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Somerset Phoenix Project

Working alongside professionals and supporting children, young people and families affected by sexual abuse.

A specialist service supporting the development of professionals in Somerset. We are here to reduce the negative impact of child sexual abuse (CSA) on the lives of children and families living in Somerset

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Training is BACK
18 Aug 2020

Training is BACK

Secrets and Lies

Child sexual abuse cannot take place without secrecy.  Abusers know it is wrong and often go to great lengths to stop the children they are abusing from telling someone.

Grooming

The first step of the perpetrator is to start to groom the child and the family. Grooming can be defined as the process that an abuser uses to desensitise you – to make you less likely to reject or report abusive behaviour.

Grooming can happen when there is a power differential within a relationship, which the abuser exploits for their own gratification.

This is most commonly recognised tactic used by perpetrators of child sexual abuse, both on children and parents.

Grooming your child

Age difference is one example of a power differential. Children are taught to respect older children and adults – many abusers take advantage of this.

The abuser may have taken an interest in you and shown you affection in a different way to other adults, or perhaps allowed you to do things other adults did not.

Whether consciously or not, the abuser did this as a way of gaining your trust and to make it less likely that you would risk losing the ‘special relationship’ by talking to others about the sexual abuse.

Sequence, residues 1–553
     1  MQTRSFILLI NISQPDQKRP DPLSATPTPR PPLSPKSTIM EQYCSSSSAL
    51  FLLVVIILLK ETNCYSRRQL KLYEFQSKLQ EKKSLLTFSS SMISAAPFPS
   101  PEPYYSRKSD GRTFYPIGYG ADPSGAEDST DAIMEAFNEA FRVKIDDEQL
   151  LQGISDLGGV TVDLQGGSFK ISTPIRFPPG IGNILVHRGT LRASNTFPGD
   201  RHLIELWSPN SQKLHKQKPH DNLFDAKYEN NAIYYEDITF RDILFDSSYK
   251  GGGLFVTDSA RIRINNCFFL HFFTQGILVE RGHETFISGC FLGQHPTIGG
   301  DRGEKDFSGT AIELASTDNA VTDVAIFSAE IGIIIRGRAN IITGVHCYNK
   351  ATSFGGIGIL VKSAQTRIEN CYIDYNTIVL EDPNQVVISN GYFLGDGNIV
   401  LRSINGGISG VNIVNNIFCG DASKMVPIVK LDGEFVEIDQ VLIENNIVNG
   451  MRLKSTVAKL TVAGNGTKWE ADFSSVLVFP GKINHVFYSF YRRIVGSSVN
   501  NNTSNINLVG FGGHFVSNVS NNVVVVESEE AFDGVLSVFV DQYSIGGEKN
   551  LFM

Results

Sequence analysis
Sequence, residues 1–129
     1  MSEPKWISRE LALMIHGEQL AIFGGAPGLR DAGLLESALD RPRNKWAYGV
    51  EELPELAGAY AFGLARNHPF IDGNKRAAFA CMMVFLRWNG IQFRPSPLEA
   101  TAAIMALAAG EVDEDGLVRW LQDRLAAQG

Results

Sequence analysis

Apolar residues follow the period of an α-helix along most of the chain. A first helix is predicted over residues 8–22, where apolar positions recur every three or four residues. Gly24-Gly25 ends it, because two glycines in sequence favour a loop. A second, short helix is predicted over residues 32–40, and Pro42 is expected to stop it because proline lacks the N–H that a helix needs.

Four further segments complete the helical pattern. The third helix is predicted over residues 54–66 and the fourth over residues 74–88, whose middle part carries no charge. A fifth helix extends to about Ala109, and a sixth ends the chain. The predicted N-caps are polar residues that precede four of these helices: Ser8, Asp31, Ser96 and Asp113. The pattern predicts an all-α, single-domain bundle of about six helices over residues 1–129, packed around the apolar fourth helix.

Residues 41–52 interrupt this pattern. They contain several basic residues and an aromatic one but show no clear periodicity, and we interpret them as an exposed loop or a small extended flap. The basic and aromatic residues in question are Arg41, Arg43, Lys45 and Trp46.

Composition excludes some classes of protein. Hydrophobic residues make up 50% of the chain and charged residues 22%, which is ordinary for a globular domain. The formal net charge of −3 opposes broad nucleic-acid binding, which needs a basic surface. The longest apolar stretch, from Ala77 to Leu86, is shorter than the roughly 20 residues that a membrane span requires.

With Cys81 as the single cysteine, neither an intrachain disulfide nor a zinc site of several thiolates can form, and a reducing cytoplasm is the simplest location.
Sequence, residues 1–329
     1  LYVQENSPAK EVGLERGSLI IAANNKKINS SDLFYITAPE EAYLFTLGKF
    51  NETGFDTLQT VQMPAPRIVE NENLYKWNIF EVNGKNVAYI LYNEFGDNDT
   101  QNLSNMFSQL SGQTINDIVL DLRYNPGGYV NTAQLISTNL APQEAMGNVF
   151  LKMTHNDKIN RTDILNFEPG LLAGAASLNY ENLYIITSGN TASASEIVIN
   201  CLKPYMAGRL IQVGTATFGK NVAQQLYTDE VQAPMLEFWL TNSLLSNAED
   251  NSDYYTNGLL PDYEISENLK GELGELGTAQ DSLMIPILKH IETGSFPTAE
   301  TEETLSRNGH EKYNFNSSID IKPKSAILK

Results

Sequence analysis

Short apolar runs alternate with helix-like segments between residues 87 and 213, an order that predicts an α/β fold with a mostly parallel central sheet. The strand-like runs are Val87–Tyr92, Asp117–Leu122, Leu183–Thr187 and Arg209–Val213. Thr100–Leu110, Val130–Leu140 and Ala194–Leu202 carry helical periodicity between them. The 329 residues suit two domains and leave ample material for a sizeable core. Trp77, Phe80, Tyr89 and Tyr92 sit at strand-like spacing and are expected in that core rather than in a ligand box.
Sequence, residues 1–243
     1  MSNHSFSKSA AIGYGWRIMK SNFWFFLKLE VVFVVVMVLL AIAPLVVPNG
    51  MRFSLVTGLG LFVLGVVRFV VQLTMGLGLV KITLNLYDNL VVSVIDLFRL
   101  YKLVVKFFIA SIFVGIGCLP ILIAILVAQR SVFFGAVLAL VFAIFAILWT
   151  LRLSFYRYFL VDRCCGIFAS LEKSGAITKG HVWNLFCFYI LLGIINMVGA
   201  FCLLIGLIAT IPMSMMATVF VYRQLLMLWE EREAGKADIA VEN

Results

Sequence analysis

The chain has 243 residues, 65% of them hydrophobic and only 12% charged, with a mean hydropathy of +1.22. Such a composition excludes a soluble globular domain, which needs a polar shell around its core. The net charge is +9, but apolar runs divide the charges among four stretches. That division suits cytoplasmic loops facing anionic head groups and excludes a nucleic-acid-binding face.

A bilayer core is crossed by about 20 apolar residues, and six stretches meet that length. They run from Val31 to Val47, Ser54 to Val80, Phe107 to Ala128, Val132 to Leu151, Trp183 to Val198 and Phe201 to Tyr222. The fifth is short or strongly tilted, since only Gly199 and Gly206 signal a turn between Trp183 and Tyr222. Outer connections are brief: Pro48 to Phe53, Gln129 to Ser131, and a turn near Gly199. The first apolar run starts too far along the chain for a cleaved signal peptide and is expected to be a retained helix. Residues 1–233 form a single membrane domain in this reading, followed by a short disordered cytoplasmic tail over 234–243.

Abusers often do not use physical force, but may use play, deception, threats; or other forms of coercion, e.g. telling them it is their own ‘special secret’; saying it is their way of showing they love them; making them think it is natural and ok or making them think no one would believe them; to engage children and maintain their silence.

Grooming you

At the same time your child is being groomed the perpetrator may be also be doing the same to you. They will want to gain access to your child whenever they like; so that they make themselves someone who you want to be around. If the abuse is perpetrated by another sibling you may have noticed them maybe being more willing to look after their sibling or trying to spend more time with them. 

Other factors include there being a power difference – for example by someone older or physically stronger, or by a professional who has a measure of control over you, such as a doctor or a teacher.

The effects of grooming on everyone

One of the key results of grooming is that the survivor is left carrying the shame of the events, often feeling like they may have be complicity. This self-blame once again makes the abuse difficult to talk about. Grooming makes it more difficult to identify when abuse is happening, and more difficult to identify and talk about in retrospect.

Taken from Survivors UK

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